Free Access to Pay Websites

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WA Business News, which is a dead-tree and online newspaper aimed at the Western Australian business sector, is offering an 8 week trial subscription. This is a very common marketing technique and can be quite an effective for increasing circulation (currently approx 11,000). However, I have to wonder. Why would you pay for it when you can access the online version for free?


There is a curious contradiction faced by websites that wish to monopolise their intellectual property. On the one hand forcing users to pay for their content generates a significant revenue stream – especially if partnered with the dead-tree version. Two-for-the-price-of-one. All very decent. However, completely undermined by the simple fact that in order to generate any search engine traffic to your stories you must give google (and a host of other search engines) access to your data. The usual way to do this is looking for the user agent that all browsers and search engine spiders provide to websites when you use them. If it’s a spider like googlebot then it gets free access to the content. If it’s a normal browser like Firefox or IE or Safari then it gets restricted access – requiring a username and password. Now, you may be wondering: can I get my normal browser to pretend to be googlebot? Well, if you’re using Firefox yes you can.

Chris Pederick has written an addon called User Agent Switcher. With it you can make your Firefox appear to be IE, Safari and even Googlebot. At least to the websites you visit. So before you visit your favourite paysite newspaper, just change the user agent of your browser to Googlebot and you can usually access it for free.

So what does this mean for paysites? Well it means they’re in a world of hurt if they’re relying on monopolising their online content. WA Business News is probably fine here because by providing an online version they’re really just attempting to add value to their dead tree version (that may change in the coming years however as online papers become more popular). Other sites however really need to make a decision about what they want to offer and how to generate the best revenue.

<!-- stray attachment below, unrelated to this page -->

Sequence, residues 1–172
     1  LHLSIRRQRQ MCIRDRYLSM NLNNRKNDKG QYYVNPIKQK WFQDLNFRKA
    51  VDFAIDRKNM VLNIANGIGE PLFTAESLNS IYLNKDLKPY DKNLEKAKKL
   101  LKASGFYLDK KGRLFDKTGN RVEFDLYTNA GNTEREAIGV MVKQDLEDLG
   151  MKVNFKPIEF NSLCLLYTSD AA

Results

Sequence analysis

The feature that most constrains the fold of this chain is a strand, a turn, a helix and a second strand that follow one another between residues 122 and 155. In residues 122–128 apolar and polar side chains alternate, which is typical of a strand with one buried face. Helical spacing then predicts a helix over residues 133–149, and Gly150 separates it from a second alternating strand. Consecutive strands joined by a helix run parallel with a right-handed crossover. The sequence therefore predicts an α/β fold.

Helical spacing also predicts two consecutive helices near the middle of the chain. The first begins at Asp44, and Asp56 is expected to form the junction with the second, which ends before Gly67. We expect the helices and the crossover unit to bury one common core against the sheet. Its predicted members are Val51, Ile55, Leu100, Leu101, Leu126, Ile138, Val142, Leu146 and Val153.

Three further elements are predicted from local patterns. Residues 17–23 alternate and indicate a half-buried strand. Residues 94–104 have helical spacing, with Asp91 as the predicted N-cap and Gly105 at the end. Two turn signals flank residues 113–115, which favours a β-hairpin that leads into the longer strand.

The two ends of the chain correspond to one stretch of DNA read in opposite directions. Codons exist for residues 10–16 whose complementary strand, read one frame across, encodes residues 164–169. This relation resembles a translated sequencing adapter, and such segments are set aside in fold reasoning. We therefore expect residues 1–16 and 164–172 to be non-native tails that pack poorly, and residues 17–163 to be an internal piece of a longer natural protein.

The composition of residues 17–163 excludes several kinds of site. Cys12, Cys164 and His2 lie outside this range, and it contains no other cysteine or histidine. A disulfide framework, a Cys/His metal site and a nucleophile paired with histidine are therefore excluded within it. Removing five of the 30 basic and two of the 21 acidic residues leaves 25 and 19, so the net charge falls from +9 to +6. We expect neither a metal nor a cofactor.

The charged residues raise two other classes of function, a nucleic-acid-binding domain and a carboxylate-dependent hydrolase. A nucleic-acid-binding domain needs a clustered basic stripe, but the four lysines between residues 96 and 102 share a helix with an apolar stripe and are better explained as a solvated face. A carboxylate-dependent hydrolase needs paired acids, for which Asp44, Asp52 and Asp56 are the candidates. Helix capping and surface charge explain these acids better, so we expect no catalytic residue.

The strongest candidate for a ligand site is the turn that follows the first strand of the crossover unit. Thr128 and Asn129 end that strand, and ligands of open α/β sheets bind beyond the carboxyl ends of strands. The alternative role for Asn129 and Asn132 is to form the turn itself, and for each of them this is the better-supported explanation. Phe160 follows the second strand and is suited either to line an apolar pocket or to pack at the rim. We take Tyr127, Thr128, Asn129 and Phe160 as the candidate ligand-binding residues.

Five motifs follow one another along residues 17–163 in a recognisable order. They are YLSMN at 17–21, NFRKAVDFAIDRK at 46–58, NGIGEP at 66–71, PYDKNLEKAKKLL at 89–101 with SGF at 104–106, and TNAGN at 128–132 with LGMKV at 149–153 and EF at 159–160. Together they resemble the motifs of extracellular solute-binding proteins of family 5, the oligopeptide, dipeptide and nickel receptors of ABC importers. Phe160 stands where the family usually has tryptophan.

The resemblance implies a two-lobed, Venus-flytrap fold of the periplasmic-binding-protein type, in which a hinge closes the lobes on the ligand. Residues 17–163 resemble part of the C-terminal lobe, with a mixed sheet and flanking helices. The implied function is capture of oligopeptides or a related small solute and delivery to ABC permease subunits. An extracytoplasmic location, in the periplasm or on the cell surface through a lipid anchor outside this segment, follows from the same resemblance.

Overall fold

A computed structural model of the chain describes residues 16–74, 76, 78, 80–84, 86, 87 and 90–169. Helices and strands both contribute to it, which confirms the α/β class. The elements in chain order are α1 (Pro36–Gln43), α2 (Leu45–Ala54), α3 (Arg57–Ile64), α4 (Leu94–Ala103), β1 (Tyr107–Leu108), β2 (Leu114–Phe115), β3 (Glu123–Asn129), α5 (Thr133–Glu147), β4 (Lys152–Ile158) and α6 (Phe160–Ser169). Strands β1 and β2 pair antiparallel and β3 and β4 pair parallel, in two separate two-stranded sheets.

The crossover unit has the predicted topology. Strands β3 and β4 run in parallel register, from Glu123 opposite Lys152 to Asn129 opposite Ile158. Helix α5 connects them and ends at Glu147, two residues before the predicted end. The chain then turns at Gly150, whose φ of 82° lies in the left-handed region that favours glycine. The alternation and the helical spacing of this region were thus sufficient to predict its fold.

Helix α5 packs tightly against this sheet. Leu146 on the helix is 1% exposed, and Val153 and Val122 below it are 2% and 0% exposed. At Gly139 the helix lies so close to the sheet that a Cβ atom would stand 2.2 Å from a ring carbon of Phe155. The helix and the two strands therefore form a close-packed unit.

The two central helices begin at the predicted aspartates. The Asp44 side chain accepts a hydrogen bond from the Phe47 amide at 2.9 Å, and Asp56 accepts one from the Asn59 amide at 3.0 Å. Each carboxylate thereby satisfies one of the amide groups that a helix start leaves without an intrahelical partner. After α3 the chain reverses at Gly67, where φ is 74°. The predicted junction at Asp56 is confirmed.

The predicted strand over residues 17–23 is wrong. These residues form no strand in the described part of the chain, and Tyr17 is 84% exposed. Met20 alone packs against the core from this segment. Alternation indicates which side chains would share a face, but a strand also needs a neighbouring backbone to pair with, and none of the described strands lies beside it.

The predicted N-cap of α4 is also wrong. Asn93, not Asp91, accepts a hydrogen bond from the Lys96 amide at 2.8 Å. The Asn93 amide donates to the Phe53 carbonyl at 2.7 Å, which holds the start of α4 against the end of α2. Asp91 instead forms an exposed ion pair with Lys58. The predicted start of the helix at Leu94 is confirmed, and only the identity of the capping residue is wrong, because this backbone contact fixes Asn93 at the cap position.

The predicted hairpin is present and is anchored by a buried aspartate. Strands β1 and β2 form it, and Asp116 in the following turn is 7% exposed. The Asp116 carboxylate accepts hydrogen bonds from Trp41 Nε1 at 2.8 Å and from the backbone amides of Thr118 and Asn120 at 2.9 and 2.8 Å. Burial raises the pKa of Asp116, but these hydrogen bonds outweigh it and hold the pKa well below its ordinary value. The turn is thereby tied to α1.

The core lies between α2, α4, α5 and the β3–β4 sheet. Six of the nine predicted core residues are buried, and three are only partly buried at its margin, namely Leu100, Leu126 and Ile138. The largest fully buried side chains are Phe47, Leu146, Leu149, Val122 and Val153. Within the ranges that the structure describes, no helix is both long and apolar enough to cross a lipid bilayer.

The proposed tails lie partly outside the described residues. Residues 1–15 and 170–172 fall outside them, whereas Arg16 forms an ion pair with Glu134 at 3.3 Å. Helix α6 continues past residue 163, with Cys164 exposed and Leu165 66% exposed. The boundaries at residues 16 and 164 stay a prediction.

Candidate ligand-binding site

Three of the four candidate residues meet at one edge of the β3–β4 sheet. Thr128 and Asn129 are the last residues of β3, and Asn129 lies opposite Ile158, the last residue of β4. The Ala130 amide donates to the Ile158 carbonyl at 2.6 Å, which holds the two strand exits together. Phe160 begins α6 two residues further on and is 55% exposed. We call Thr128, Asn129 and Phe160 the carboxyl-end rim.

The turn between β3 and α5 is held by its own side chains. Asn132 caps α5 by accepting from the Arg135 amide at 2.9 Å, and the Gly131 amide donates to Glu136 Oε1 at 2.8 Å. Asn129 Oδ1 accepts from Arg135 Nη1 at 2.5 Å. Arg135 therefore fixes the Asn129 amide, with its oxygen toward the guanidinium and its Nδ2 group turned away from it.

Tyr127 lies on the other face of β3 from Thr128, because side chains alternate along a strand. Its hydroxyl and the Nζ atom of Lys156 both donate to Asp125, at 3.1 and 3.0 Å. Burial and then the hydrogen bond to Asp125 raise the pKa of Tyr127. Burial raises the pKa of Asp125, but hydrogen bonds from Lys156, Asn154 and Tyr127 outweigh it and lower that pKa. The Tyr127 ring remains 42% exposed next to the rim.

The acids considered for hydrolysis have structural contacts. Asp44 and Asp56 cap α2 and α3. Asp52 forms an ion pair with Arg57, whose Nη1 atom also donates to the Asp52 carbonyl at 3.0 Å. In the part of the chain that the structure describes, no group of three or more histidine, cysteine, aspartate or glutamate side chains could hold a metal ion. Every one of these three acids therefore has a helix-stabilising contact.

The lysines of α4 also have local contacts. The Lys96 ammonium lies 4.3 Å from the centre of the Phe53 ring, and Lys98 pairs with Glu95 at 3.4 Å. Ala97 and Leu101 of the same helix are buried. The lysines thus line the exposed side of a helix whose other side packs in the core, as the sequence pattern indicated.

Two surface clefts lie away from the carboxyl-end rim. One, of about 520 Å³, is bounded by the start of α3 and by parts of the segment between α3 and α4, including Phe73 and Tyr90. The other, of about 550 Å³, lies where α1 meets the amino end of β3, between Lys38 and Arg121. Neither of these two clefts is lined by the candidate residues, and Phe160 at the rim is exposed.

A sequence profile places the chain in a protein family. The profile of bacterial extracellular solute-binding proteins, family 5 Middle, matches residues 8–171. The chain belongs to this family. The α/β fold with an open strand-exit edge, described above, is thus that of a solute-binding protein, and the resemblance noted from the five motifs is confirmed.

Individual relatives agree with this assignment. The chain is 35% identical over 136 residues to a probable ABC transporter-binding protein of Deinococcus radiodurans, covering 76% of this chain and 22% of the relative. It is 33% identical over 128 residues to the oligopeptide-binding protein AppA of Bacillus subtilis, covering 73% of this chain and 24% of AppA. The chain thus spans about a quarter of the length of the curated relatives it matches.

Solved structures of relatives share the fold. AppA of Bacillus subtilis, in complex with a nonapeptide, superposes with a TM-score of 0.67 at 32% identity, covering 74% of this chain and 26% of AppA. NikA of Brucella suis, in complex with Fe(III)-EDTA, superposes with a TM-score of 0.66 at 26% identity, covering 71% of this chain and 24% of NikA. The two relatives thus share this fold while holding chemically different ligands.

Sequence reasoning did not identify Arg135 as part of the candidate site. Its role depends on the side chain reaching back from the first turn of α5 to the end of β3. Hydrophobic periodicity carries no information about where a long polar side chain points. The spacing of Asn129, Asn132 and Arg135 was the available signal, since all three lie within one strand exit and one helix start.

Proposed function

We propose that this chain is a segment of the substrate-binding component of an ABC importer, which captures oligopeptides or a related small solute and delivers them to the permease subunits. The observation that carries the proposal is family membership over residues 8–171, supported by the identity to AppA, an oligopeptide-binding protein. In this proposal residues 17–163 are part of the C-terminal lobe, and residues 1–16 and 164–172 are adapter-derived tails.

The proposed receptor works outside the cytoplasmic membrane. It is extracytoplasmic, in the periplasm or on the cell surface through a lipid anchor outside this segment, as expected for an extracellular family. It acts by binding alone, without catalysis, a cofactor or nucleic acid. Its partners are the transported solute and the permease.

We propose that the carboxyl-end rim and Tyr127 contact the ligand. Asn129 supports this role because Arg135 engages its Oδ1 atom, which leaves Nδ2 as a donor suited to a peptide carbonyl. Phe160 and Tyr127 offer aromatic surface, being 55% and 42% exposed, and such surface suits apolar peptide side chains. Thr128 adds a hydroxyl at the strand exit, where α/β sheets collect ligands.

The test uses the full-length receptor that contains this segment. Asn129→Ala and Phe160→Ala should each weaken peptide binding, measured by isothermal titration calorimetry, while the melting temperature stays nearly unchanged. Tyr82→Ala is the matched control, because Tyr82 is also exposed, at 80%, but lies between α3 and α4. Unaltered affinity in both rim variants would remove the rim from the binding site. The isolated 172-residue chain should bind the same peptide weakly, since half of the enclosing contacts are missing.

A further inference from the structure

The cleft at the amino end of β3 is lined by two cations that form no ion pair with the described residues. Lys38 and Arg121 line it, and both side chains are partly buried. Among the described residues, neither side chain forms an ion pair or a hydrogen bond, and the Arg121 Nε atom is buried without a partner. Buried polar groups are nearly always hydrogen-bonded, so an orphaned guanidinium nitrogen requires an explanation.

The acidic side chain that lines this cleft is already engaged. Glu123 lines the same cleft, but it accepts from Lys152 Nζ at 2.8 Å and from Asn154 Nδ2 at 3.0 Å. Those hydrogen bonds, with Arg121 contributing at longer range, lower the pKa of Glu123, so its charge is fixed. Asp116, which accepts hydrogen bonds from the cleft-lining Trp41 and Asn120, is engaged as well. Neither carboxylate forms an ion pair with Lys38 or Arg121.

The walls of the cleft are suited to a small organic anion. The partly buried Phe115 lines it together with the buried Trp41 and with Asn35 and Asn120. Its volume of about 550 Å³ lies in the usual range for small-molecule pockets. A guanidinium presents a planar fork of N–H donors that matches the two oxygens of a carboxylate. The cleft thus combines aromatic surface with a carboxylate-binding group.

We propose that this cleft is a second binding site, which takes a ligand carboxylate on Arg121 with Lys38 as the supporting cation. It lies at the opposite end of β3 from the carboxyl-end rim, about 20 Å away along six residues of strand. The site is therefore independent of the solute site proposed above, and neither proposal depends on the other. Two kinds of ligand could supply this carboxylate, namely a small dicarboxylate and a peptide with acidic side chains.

Can they generate enough from advertising to offset removing the subscription fee? Can they afford to lock out google? Is there a technical solution that will give them both a viable subscription model and still be indexed by the search engines? Or do they need to offer some of their articles for free and thereby making them indexable, while keeping the subscriber only articles safely locked away even from the search engines?

The current model is really only workable as long as the vast majority of your readers are unaware of the security loophole. Security through obscurity is never a wise course. With the speed of information transference through social media networks that model is unlikely to remain viable for much longer.

Attribution: Slider image by Matt Callow

About the Author: skribe

Based in Perth, Australia, Antonio Barimen (aka skribe) is a writer, digital media consultant and social media producer.

He is available to help you develop social marketing and digital media strategies, improving communication between staff, partners and suppliers or just increasing the number of fans on Facebook. He has developed successful digital and social media projects for clients including CBS, Evian, Procter & Gamble, Discovery Networks, Pernod Ricard and American Express.

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Post Under Advice, Marketing February 27, 2009
  • Wolfie Rankin

    My eyebrows rise a bit when I hear of a concept like this, what makes an online newspaper better, and so much better than others, that would make you pay to read it when there’s so much free information out there on exactly the same stories? I am bemused also at people who buy mp3s online, I find it quite strange. you’re paying for low-grade audio which you can get free elsewhere anyway, and the record company is still getting the artists profits… and yet, some people actually buy the darn things.

    Wolfie!

  • http://www.skribeproductions.com/ skribe

    There are all sorts of benefits to online newspapers. They can be constantly updated, they can include video and other multimedia and they can be accessed anywhere there is a net connection. And there is a prevailing mentality amongst control media types that the news is theres and if you want it you have to pay for it. They even want google to pay for the privilege of driving readers to their site. So yeah, it’s out there and not exactly uncommon. Whether it will be swept away in a tsunami of free alternatives is yet to be seen. I think a lot will depend on what legislation gets past and what alternative revenue models are unveiled.

    As for downloadable music, when you say free do you mean pirated or ripped from CD? Downloadable music has one great advantage over CDs in that you can just buy one song rather than an entire album and not all CDs will play in computer CD players because of DRM. Some even infect computers with viruses. Yes, I’m looking at you Sony.